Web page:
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By Daniel Arkin
Steven Spielberg, a child of the 1950s, grew up with dramatic Hollywood dramas about the sacrifices of World War II. But with "Saving Private Ryan," the Oscar-winning director set out to make a war movie like no other he, or the public around the world, has ever seen.
"Saving Private Ryan," a limitless epic about D-Day and the invasion of Normandy, would reshape America's cultural memory of World War II, exposing millions of spectators to the violent agitation of the stomach and the poignant intensity of that fundamental chapter in the war.
"If we got it in the right way, and pbaded the test of time, this would be maintained, in some way, by what those children experienced at 6:30 in the morning of June 6, 1944." Spielberg told Tom Brokaw of NBC News about the date of the Allied landings on the beaches of Normandy.
In the almost 21 years since "Saving Private Ryan" debuted with $ 481.8 million in global ticket sales and five Oscars, few war movies have seized the imagination of the public as energetically as the acclaimed Spielberg saga. And many filmmakers, both on the big screen and the small one, have been inspired by their unprecedented and unwavering realism.
"What Steven wanted to do from the first moment was to use all his magic and all the tools that existed in the cinema from 1997, and make a war movie that would break each of the tropes, visually and Cinematically, that all the War movies had, "said Tom Hanks, who stars in the film, to Brokaw.
Fathom Events, a company that projects clbadics in theaters across the country, is betting that a new generation of viewers will find "Private Ryan" just as exciting. The company plans to re-launch it in select theaters on June 2 and June 5, just a few weeks before the 75th anniversary of D-Day.
"This monumental movie demands the experience of seeing a movie theater," said Ray Nutt, CEO of Fathom.
& # 39; It was a game change & # 39;
In the eyes of most of the critics and the legions of fans of the film, the 25-minute bravery that opens "Private Ryan", a frantic recreation of the Normandy landing, has become its most influential and lasting contribution to the pantheon of the American movie.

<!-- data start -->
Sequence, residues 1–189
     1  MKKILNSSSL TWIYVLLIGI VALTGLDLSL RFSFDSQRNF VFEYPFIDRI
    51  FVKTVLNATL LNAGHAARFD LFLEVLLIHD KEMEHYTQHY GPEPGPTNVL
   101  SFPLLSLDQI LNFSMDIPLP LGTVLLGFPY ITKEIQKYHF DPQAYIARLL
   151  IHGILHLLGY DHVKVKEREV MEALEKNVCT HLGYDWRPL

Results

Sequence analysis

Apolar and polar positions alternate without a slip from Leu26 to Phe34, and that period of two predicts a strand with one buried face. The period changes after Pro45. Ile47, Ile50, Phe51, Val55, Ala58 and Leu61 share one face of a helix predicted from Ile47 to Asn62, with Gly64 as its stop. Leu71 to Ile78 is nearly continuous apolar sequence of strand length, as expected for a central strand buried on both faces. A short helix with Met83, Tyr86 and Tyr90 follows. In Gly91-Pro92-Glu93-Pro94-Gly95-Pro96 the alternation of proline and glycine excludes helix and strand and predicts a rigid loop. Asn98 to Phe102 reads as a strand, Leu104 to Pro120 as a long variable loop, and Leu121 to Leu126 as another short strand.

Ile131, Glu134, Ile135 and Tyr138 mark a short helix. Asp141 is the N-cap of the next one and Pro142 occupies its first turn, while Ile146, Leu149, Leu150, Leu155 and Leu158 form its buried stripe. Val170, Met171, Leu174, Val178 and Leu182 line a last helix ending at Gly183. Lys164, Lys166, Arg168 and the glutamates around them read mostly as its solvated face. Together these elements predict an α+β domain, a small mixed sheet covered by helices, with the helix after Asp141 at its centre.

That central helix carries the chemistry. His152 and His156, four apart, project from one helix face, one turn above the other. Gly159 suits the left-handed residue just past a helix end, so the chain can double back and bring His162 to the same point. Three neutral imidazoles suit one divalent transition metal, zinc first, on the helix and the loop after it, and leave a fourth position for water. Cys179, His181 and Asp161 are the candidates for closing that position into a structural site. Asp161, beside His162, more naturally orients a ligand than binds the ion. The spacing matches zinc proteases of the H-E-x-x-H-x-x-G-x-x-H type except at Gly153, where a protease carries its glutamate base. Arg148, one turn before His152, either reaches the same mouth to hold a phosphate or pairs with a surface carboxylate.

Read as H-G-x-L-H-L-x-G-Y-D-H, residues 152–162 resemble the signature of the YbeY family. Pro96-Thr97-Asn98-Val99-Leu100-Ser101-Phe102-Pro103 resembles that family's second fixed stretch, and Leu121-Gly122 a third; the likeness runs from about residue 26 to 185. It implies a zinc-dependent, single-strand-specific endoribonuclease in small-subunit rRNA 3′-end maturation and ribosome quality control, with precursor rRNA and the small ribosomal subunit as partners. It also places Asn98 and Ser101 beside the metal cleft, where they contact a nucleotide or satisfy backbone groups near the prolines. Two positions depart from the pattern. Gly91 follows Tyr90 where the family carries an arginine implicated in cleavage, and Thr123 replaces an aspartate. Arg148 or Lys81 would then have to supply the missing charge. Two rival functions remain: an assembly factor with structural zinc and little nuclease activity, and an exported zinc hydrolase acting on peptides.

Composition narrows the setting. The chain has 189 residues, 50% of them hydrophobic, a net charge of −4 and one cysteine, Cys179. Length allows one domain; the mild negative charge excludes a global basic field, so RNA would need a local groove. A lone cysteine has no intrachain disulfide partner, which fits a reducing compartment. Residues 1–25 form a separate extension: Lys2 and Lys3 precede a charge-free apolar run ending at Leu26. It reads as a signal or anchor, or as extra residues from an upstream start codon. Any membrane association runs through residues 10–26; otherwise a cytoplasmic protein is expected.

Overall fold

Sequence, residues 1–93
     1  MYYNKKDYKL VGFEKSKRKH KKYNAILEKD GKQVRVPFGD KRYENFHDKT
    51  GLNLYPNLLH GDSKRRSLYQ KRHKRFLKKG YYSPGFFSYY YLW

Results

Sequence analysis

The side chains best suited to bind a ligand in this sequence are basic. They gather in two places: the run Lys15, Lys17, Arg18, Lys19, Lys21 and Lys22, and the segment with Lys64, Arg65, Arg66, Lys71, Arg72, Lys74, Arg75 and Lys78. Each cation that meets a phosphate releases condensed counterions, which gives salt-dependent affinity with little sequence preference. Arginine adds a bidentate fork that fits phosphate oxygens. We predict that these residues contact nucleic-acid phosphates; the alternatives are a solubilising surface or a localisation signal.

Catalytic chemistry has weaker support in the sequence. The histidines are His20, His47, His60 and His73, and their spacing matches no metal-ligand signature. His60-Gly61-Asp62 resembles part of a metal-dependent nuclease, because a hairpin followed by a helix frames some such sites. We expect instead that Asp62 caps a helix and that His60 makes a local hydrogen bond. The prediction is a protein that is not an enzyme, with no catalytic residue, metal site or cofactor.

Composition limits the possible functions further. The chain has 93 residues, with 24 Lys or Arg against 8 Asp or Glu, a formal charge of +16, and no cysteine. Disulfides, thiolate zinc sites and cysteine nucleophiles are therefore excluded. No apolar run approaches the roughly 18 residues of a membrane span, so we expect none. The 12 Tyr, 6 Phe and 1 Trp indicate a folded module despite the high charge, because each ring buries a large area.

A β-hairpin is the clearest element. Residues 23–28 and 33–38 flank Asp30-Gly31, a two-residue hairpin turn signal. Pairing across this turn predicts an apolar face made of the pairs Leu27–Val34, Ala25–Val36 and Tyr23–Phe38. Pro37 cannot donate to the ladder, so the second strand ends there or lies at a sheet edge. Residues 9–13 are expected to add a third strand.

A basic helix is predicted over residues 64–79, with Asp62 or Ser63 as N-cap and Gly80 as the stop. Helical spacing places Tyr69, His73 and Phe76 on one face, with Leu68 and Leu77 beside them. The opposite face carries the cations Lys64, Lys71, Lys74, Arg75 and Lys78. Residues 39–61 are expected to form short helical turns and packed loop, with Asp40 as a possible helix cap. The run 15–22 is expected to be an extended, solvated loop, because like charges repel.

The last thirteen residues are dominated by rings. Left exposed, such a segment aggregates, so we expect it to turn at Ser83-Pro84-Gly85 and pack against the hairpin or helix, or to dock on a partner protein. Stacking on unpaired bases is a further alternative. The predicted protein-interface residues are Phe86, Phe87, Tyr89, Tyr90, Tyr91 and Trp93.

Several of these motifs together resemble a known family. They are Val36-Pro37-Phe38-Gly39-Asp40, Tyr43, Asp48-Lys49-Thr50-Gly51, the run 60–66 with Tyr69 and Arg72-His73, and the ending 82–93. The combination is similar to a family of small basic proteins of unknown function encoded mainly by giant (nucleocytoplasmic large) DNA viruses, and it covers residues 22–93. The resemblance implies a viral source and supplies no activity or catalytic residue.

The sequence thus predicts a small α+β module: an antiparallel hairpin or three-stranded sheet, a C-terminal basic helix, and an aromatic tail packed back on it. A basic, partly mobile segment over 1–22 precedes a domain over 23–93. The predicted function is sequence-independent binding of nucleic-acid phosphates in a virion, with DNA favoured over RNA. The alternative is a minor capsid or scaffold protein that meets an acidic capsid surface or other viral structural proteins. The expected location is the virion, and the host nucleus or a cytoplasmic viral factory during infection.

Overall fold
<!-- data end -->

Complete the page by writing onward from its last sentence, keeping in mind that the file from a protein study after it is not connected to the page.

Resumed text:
"We take every inch of that beach, as filmmakers, not as war veterans," Spielberg told Brokaw with a smile. "It took us 25 days of shooting to capture 25 minutes of those landings."
The scenes in Omaha Beach, recorded partly in a shaking hand camera and soaked in sickly shades of green and gray, find Captain Miller of Hanks and his troops trapped in a maelstrom of bullets, blood, bombs and guts in the middle of a seemingly endless stretch of sand. .
The long sequence, acclaimed then and now for its stark and stark honesty, was a radical departure from the more stylistic and, at times, more sanitized war dramas of the 1950s and 1960s.
"It was a game changer," said Steven Jay Rubin, screenwriter, film historian and author of a book about American combat movies. "It was devastatingly dramatic, visceral, immersive, I did not touch my popcorn because I felt like sacrilegious eating while I watched it."
Spielberg and his production team were relentless in their quest for historical authenticity. Hanks and his castmates, including Tom Sizemore, Edward Burns, Barry Pepper and the previous "Fast and Furious" Vin Diesel, underwent a rigorous "training camp" under the command of Marine Captain Dale Dye, who now is 74 years old
"The legend of this now is that we were in the cold frosts for weeks and weeks, I think it was only five days," Hanks told Brokaw with a smile. "When a false ambush occurs at 3 in the morning and you wake up from your store, your adrenaline increases."
Rubin pointed to parts of more recent cultural works that he believes are clearly in debt to Spielberg, from the psychological anguish of Clint Eastwood's "American Sniper" and the disorienting intimacy of Christopher Nolan's "Dunkirk" to video games like "Call of Duty."
Matt Shakman, a television director who directed the penultimate episode of "Game of Thrones," in which Daenerys Targaryen (Emilia Clarke) King & # 39; s Landing torch with dragon fire, recently told the New York Times that he consulted the violent Spielberg's work before production.
"I watched" Saving Private Ryan ", the opening battle on the beach, where the sound fades and Tom Hanks is watching how the men are burned alive and shot to death – that was what it should be like for Jaime. Men die left and right around them, "Shakman told The Times, referring to another" Tronos "character, Jaime Lannister.
Spielberg and Hanks, however, hope that the most enduring legacy of "Saving Private Ryan" is their fierce but fervent celebration of the men who gave their lives to defend their country and their brothers in arms.
"I think the danger is that I enter some kind of mythological place," Hanks said. "If we ever forget that it was a group of people that went through, and they all had names like Ernie, and Buck and Robert, I think that's when we did a bad job as citizens of the world."